“It was based on the Packard No. 10 building that Henry Ford hired Albert Kahn to build the Highland Park Plant in 1908,” Mr. Hodges said. “The building is interesting because it had no ornamentation whatsoever and was stripped down to the bare essentials to save his client money.”

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Toyota Takes Self-Driving Cars Off Road After Uber Accident


Two other carmakers, Ford Motor and General Motors, are still performing tests of their self-driving cars on public roads. Waymo, the autonomous vehicle division of Google’s parent company Alphabet, and Lyft, Uber’s chief rival in the ride-hailing sector, declined to comment on the status of their testing programs on Tuesday.

Those companies are racing to put autonomous vehicles into commercial ride and delivery fleets within a few years. G.M. aims to start a ride-hailing service by the end of 2019 using a car it has developed, called the Cruise AV, that has no steering wheel or pedals. Ford hopes to have a similar vehicle in mass production by 2021.

After the Tempe accident, G.M. said Tuesday, “our plans to commercially launch in dense urban environments in 2019 remain unchanged but, as we’ve said from the start, we will not launch until we are satisfied that it is safe to do so.”

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How a Self-Driving Uber Killed a Pedestrian in Arizona

The death of a woman who was struck by an autonomous car operated by Uber is believed to be the first pedestrian fatality associated with self-driving technology. Here’s what we know about how it happened.



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The accident in Tempe involved a Volvo XC90 sport-utility vehicle that Uber had outfitted with radar, cameras and other sensors and computer gear that enable it to navigate without input from a driver. Although a safety driver was in the vehicle at the time, it was in autonomous mode when it struck and killed Elaine Herzberg, 49, on Sunday night.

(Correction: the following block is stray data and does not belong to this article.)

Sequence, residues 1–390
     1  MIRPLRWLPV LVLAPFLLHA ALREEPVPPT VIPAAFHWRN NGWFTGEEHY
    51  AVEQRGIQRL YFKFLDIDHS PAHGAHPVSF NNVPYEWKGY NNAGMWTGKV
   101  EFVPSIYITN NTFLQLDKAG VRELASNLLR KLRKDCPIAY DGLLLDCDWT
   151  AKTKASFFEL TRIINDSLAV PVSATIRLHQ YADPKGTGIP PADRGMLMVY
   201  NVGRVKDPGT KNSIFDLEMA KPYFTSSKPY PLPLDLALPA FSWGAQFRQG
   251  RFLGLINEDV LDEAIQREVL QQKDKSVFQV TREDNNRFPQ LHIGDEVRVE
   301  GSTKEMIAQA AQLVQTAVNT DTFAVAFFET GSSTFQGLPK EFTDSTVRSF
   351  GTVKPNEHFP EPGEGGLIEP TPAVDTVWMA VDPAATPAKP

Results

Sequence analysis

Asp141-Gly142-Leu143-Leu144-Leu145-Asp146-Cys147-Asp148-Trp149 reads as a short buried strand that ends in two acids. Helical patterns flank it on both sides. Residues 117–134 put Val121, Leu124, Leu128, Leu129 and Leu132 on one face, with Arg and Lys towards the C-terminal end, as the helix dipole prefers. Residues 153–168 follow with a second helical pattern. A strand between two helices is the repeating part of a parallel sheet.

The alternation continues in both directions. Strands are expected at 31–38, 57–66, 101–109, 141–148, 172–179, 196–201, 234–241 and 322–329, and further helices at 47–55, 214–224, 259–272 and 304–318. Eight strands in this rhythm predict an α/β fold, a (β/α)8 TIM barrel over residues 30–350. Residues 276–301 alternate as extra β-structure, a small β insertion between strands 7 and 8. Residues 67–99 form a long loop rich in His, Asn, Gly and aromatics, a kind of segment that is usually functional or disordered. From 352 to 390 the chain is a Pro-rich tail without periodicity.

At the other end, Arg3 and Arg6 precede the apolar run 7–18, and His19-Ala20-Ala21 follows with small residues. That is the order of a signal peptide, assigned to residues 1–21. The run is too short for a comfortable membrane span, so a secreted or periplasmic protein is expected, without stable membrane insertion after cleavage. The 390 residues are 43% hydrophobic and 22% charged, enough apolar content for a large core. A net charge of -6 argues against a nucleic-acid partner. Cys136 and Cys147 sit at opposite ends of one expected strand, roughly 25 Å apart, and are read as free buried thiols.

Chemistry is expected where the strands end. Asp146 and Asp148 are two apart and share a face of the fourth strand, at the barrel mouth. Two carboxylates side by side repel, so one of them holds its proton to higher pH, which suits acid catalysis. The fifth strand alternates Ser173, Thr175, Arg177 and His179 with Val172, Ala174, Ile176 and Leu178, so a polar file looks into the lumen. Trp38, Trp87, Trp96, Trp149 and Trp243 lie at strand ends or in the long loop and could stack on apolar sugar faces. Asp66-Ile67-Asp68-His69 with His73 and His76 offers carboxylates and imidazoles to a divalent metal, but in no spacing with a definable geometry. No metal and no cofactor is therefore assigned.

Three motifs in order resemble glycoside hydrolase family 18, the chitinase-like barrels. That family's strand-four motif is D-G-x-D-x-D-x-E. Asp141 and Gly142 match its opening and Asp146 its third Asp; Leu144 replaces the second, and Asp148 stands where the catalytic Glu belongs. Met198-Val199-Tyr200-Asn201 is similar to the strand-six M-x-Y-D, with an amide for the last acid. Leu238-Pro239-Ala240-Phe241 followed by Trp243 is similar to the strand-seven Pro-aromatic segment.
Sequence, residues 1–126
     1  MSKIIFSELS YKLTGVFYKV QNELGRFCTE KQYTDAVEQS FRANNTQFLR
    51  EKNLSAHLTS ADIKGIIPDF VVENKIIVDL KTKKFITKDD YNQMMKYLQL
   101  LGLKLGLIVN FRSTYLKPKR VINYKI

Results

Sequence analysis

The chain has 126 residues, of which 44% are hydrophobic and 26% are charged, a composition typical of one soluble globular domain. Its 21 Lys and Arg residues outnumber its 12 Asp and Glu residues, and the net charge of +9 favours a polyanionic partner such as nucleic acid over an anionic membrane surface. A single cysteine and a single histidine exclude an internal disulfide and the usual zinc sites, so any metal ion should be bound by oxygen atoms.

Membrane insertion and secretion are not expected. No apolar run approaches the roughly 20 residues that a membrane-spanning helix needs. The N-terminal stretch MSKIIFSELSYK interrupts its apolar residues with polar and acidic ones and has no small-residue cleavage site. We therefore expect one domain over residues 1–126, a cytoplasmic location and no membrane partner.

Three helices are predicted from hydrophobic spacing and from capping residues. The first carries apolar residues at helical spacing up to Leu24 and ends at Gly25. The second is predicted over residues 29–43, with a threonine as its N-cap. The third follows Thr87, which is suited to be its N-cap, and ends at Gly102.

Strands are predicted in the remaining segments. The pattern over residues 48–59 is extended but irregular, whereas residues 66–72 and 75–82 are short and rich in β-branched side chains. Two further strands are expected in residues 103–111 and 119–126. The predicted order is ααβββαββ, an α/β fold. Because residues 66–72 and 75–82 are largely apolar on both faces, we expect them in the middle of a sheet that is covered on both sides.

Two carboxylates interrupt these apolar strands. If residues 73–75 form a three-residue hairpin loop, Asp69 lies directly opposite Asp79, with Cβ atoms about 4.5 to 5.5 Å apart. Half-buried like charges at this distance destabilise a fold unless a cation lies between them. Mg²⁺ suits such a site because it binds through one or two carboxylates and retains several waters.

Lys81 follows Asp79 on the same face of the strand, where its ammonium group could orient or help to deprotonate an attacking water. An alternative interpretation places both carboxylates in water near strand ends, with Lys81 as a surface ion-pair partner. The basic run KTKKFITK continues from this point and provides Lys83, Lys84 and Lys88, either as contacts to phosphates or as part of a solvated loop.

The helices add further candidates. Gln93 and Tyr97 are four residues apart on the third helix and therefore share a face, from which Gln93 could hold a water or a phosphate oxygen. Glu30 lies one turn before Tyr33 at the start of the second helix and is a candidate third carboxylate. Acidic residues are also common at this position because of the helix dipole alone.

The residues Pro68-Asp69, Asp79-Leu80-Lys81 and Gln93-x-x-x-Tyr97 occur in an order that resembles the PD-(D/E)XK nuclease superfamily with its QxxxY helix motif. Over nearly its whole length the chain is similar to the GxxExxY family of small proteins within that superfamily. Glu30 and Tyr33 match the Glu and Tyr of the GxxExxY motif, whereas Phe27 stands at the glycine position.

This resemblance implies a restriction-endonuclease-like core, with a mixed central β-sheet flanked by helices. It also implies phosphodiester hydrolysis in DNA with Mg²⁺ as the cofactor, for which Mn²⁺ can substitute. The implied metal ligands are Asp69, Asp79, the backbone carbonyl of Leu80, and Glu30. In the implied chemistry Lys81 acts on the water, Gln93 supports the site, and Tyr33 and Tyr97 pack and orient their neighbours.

Ms. Herzberg was walking with her bicycle when she was hit. The Volvo was traveling at about 40 miles per hour. The car did not appear to slow before the impact, according to the Tempe police.

It is believed to be first pedestrian death associated with a self-driving car.

The Tempe police said Tuesday that the investigation by the National Transportation Safety Board was still underway, including the gathering of electronic data from the car and video from a camera that was mounted on its dashboard. The police reiterated that it had not yet been determined whether any party was at fault.

Over the past year, a number of companies have built up fleets of autonomous vehicles and begun testing them on public roads — many of them in Arizona, where officials have welcomed self-driving cars. One start-up has taken to a large retirement community — which is private property — to test, while some companies have also turned to virtual reality testing to teach their vehicles how to behave.

At the same time, some universities and state and local governments have been working to create realistic proving grounds where companies can work on self-driving cars without interacting with the public.

“Obviously this is a real tragedy, and it will take time to know what happened,” said Carrie Morton, deputy director of MCity, a 32-acre center operated in Ann Arbor by the University of Michigan. It features simulated city streets and intersections, with traffic lights, road signs, parking meters, a railroad crossing and a tunnel. More than 60 companies have become partners in the project.

“We firmly believe a combination of on-road testing, enclosed facilities like MCity, and computer simulation will be required to develop autonomous technology,” Ms. Morton said.

The University of Michigan is also helping to develop a larger site about 10 miles away in Ypsilanti, where the American Center of Mobility covers 335 acres at a World War II-era bomber plant. It includes highway ramps, overpasses and bridges that allow automakers to test self-driving cars at high speeds and in more complex environments than at MCity.

MCity and the American Center for Mobility are near technical centers operated by several companies, including G.M., Ford, Toyota, Fiat Chrysler, Hyundai and Waymo.

GoMentum Stations is the largest such center, covering 2,100 acres. It has about 20 miles of paved roads and a cluster of barracks and buildings that provide an urban environment.